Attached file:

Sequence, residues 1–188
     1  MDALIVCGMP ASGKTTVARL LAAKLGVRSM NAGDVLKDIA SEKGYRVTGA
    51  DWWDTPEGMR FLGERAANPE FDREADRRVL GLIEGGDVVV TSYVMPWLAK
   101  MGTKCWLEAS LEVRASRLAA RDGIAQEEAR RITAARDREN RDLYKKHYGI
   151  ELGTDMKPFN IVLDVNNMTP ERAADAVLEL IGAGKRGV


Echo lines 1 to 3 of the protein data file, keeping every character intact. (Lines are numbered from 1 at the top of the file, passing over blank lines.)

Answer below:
Sequence, residues 1–188
     1  MDALIVCGMP ASGKTTVARL LAAKLGVRSM NAGDVLKDIA SEKGYRVTGA
    51  DWWDTPEGMR FLGERAANPE FDREADRRVL GLIEGGDVVV TSYVMPWLAK